Neuralstem may be in a position to capitalize on the attention of what has been one of the sports world's biggest stories in 2013. Neuralstem believes NSI-189 may be useful in addressing TBI. In order to determine whether TBI can be treated, Neuralstem has reached an agreement with the NFL Alumni Association. The NFL Alumni Association has sent a letter to thousands of former players to alert them about the potential of NSI-189, and players seem interested! The players would be part of one of the "direct to Phase II" trials discussed above.
One question I have to ask is, "Can Neuralstem expect to receive funding from third parties such as the NFL?" I should point out that an agreement with the NFL Alumni Association is not an agreement with the NFL as these are separate entities. The NFL Players Association is also independent from the NFL Alumni Association. Given that Neuralstem has ties to the NFL Alumni Association, I believe they could receive consideration for some of the $10 million dedicated to research and education from the recent settlement. I should also point out that the NFL does donate money to research as well. The league has donated $30 million to the NIH.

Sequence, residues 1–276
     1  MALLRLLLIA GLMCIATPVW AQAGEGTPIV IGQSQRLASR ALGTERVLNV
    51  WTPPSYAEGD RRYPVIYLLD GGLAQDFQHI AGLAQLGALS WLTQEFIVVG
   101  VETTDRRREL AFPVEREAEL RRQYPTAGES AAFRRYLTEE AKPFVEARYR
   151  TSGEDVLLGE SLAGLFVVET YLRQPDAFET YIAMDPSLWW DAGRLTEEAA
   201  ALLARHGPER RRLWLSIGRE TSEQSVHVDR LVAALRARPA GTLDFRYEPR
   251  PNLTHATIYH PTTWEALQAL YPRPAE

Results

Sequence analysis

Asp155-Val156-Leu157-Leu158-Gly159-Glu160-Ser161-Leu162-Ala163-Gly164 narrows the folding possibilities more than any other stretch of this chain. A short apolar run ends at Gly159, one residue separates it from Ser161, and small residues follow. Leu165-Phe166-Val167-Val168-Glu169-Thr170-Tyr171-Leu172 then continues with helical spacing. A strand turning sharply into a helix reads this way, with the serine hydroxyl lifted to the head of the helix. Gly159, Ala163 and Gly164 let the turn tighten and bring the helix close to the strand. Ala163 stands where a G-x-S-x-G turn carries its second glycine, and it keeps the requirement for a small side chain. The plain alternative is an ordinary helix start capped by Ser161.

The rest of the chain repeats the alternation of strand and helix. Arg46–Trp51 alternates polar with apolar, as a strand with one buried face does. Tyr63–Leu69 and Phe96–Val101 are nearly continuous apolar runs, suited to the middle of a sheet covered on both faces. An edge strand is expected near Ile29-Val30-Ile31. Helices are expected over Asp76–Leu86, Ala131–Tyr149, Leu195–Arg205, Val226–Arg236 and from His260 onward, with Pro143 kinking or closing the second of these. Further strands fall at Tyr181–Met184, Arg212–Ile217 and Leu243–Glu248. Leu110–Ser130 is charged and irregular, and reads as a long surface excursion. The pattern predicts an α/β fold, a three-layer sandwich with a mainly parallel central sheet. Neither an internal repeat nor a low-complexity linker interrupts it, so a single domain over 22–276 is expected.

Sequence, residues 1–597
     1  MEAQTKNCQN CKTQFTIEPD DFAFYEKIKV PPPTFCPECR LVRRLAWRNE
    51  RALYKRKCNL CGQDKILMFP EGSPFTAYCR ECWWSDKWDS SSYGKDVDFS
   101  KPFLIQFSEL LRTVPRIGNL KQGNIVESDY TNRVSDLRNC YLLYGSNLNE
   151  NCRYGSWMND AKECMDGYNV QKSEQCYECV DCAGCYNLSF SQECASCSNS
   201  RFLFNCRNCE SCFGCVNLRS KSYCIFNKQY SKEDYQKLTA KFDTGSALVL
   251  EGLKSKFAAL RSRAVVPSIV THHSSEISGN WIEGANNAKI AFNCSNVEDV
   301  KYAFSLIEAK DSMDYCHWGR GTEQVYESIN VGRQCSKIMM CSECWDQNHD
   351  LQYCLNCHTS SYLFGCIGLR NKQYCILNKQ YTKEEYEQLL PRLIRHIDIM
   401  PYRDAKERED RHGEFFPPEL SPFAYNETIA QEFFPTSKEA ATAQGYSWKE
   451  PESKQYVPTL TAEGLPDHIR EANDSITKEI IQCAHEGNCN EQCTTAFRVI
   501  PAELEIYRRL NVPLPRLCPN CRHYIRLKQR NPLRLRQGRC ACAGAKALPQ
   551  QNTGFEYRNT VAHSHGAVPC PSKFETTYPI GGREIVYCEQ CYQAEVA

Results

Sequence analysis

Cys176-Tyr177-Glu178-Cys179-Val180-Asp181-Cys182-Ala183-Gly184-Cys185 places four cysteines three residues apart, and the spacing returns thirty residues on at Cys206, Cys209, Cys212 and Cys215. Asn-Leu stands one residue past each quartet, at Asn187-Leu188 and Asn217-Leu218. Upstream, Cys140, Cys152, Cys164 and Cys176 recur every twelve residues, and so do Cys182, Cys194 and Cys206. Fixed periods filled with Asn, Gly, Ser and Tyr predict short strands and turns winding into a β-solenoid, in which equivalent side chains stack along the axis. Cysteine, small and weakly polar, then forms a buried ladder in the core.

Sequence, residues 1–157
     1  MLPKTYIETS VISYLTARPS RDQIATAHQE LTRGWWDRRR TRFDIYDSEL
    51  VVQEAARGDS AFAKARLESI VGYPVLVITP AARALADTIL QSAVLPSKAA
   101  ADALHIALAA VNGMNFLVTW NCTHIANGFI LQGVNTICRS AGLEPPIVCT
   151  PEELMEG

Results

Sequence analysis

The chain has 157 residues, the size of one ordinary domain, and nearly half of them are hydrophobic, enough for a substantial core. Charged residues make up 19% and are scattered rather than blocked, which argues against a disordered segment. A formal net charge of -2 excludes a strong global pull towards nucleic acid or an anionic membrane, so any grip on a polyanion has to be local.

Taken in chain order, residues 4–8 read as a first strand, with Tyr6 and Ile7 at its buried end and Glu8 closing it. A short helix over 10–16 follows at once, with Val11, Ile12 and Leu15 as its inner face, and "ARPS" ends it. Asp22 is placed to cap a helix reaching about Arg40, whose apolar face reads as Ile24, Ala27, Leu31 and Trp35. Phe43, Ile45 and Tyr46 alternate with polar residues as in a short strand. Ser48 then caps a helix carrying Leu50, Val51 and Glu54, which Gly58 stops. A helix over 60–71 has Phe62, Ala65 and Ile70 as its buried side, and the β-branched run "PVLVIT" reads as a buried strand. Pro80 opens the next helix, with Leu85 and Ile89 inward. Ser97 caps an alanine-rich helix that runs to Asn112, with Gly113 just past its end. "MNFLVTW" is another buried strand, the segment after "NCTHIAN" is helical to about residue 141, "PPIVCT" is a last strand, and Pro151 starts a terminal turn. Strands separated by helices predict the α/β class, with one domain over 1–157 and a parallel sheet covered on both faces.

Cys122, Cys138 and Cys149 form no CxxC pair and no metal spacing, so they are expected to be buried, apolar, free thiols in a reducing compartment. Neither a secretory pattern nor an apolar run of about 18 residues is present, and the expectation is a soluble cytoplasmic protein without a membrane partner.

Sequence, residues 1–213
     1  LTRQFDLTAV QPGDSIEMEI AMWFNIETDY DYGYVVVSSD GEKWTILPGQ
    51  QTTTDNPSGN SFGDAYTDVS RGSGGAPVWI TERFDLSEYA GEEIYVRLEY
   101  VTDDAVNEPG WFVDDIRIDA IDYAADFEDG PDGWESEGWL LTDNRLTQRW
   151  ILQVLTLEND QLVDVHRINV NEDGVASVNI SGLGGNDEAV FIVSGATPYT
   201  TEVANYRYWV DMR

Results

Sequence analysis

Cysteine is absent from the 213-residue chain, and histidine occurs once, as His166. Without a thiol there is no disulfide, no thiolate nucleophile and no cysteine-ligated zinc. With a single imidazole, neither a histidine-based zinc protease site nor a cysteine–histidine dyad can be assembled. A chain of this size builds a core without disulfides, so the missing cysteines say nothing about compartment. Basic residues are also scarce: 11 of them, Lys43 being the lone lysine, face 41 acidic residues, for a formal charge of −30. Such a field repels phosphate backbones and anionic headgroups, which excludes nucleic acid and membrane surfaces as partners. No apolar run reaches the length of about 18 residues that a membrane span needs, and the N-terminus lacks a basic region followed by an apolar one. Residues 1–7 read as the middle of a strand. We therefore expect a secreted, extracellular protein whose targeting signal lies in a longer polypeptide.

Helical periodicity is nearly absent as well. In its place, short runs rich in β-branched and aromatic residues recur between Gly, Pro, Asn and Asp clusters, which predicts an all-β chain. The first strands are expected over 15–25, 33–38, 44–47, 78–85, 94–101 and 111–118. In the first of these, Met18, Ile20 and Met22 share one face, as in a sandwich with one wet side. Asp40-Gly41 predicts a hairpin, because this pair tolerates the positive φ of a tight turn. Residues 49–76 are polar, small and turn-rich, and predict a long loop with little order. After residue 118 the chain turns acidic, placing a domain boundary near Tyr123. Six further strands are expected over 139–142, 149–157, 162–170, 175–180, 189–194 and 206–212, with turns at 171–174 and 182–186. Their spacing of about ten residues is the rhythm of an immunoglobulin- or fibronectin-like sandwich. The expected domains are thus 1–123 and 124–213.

In one of his regular blogs, Neuralstem CEO Richard Garr had some interesting comments which compared the NFL to the tobacco industry:
I believe we were at a similar point in the story on brain trauma. The football industry had taken a page out of the tobacco industry's playbook. The NFL had done exactly the same thing, questioning the newly discovered links as early-stage research and emphasizing all of the "still" unknowns; they then pledged over a hundred million dollars (over ten years) to various "long-term" research efforts; all creating an impression that we really didn't know anything about this area yet.